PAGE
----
WWII veteran remembers parade origins

Al Hess, a World War II veteran and ‘Restoration Committee’ member, still serves other veterans as adjutant of the Montandon American Legion Post 841.

Editor’s note: Marshals for the upcoming 25th Union County Veterans’ 4th of July Parade will include early committee members. Meantime, The Standard-Journal will feature stories on the men and women of the parade’s founding. Though not all served a committee, they were indeed there at the start.

MONTANDON — Lewisburg’s Al Hess was on one of the committees which mounted the effort to restore the Civil War memorial.

Hess, a life-long Lewisburg resident and World War II veteran, said the Restoration Committee consisted of himself and six other people. Hess and early committee members Nada Gray, Graham Showalter, Al Hess, and Henry Halverson will be honored as parade marshals in 2019. Descendants of the late Bob Benfer, Thomas Kreamer and Alfred Byrd will also be honored.

Once commander of the Lewisburg VFW Post 1964, Hess made a promise to do his best to make sure the monument at South Third Street and University Avenue would be returned to condition worthy of what it represents.

“I knew so much about them,” he said. “There was no fence around then, you know. We played at the cannon.”

Hess recalled damage done to the monument was evident, notably to the copper figures of a soldier and sailor. They were hidden for safer keeping.

“It was shameful as to what happened to them,” he said of the statues. “They were up under the courthouse steps for years. What a mess, but we got them out.”

A restoration company in the Lancaster area did the work of restoring the statuary. The feet of the soldier and sailor were what required the most attention as whoever did the vandalism could only bend them. A group of four committee members visited the company and got what Hess called a royal tour.

The annual parade has morphed into a salute to veterans. Hess, adjutant for the Montandon American Legion Post 841, said he would hate to see anything happen to the annual event.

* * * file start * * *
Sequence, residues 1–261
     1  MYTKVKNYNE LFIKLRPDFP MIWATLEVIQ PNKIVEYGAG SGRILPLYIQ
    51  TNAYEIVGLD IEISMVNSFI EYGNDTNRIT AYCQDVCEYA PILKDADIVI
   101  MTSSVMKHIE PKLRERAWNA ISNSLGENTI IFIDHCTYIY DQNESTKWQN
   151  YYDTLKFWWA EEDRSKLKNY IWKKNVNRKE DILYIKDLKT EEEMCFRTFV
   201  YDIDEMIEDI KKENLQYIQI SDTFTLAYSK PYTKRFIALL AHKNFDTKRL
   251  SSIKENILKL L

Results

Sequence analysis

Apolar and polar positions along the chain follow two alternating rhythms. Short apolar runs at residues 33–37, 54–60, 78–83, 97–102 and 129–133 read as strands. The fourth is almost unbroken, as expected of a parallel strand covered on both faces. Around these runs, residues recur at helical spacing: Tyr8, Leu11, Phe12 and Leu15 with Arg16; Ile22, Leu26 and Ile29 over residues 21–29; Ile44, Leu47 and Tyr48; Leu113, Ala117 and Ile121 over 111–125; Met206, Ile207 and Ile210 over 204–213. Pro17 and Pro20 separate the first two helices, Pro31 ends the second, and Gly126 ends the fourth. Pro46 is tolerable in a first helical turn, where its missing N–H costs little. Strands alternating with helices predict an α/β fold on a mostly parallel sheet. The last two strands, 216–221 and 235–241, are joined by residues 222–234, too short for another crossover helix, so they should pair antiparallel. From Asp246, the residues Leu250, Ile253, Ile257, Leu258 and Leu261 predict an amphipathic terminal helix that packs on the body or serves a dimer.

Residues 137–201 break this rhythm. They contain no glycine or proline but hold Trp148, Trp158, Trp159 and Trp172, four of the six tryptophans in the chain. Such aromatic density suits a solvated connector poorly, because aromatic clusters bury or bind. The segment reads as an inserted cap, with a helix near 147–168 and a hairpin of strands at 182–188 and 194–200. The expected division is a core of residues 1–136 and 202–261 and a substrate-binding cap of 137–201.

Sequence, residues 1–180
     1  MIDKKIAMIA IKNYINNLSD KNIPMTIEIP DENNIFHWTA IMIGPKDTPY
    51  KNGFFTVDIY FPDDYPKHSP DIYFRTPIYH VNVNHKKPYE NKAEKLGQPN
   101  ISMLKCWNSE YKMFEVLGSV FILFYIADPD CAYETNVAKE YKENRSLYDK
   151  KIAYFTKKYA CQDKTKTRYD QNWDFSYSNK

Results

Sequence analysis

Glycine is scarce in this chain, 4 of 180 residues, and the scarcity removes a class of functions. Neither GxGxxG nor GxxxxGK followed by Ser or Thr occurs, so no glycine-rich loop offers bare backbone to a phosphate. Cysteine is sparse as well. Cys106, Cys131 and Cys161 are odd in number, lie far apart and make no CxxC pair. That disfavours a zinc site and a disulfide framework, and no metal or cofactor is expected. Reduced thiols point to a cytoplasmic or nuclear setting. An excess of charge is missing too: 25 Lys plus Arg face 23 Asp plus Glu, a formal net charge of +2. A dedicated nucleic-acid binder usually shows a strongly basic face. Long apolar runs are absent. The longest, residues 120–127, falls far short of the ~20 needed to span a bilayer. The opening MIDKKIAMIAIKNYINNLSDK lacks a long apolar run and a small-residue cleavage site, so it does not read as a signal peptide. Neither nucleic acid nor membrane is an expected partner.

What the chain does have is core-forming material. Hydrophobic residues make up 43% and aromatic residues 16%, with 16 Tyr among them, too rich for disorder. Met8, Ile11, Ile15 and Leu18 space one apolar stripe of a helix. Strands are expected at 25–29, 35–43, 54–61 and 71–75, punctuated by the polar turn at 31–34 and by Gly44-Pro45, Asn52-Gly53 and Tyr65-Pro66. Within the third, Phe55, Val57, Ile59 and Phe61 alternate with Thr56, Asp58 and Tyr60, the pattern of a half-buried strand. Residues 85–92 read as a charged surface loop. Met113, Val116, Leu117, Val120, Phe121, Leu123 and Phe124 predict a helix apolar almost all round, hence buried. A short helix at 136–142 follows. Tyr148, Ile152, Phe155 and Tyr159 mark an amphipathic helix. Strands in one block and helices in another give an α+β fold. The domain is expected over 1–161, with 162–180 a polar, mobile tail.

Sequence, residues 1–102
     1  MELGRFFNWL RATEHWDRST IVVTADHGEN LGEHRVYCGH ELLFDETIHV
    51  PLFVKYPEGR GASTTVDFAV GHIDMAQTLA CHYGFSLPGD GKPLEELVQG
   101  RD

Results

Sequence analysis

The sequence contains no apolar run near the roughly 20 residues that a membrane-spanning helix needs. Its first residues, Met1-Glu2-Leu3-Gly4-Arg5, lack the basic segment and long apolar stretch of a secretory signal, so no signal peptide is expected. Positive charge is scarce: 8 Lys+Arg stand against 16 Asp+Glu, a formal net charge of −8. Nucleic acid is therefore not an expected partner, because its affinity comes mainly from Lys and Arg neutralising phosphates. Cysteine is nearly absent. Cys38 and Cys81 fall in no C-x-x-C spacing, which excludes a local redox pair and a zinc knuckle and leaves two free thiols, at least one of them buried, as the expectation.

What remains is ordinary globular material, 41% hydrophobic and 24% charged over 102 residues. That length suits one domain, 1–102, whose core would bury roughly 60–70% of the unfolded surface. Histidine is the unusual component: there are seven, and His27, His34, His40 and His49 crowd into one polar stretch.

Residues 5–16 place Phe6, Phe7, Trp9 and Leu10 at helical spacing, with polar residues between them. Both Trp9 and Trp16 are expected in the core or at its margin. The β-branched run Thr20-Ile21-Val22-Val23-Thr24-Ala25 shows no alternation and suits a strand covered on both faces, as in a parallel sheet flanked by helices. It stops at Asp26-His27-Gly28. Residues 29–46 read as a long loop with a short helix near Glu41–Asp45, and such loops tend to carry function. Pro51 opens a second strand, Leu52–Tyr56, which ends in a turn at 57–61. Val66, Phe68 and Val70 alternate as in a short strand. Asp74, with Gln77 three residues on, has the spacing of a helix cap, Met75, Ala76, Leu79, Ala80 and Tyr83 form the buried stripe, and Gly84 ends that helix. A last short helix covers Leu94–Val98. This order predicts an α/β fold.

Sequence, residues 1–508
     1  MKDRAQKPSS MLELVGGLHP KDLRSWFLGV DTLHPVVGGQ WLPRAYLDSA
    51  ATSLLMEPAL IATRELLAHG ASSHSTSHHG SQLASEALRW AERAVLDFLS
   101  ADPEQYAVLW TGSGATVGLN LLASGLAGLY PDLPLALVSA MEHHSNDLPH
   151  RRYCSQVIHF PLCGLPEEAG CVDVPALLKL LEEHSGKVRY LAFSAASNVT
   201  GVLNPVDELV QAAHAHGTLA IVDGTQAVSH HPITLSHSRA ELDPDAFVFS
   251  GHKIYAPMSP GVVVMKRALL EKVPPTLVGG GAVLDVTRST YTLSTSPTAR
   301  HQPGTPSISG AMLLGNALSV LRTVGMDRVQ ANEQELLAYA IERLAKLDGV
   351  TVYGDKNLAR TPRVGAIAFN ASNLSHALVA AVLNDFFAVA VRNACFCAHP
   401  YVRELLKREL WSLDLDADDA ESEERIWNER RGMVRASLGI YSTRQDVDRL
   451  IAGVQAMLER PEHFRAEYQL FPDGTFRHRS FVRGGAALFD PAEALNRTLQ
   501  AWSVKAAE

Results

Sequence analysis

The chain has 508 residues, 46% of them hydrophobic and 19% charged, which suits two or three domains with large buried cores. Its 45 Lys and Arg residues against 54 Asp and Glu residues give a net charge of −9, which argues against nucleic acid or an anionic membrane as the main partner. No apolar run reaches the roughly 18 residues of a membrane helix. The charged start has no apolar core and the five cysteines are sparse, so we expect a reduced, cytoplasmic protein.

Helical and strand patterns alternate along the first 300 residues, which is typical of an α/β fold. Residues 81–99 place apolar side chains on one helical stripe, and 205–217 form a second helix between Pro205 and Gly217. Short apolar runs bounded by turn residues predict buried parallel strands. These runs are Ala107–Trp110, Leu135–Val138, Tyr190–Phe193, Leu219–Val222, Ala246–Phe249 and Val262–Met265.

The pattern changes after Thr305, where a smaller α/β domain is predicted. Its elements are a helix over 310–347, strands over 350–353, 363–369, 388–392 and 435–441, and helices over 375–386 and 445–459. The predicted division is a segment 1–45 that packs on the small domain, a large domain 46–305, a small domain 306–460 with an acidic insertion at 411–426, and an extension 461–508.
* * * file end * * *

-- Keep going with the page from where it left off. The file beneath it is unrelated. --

“I know it takes a lot of volunteers,” he said. “I know it takes a bushel basket of money every year. We’ve had an excellent parade from the beginning right up until now. This year is not going to be any different, I’m sure.”

But the point, Hess maintained, was that it was too easy for the citizenry to forget the sacrifices made by men and women in the services.

“Unfortunately, we have to keep reminding the people that we have veterans and what they did,” Hess said.

Programs to remind people of what veterans have gone through were satisfying and important.

“The parade is worth every dollar that we put into it,” Hess said. “By the size of the crowds we get, I’m sure everybody feels the same way. It’s just amazing.”

Hess said he still marvels at the number of people who stand on the streets of the borough to enjoy the parade as it passes.

Hess’s service in WWII included sailing from Murmansk, Soviet Union into U-boat territory in 1944.

“Those U-boats were absolutely terrible,” Hess said. “They were known as Wolf Packs.”

He added that U-boats were expected shortly after leaving Murmansk but the most dangerous seas turned out to be near Iceland.

Visit www.unioncountyveterans4thofjuly.com, call 844-VETSDAY or email info@unioncountyveterans4thofjuly.com for more information about the 25th annual parade and related events. The parade is scheduled to start at 10 a.m. Saturday, June 29 on the streets of Lewisburg with a day and evening full of events to follow.

Staff Writer Matt Farrand can be reached at 570-742-9671 and via email at matt@standard-journal.com.

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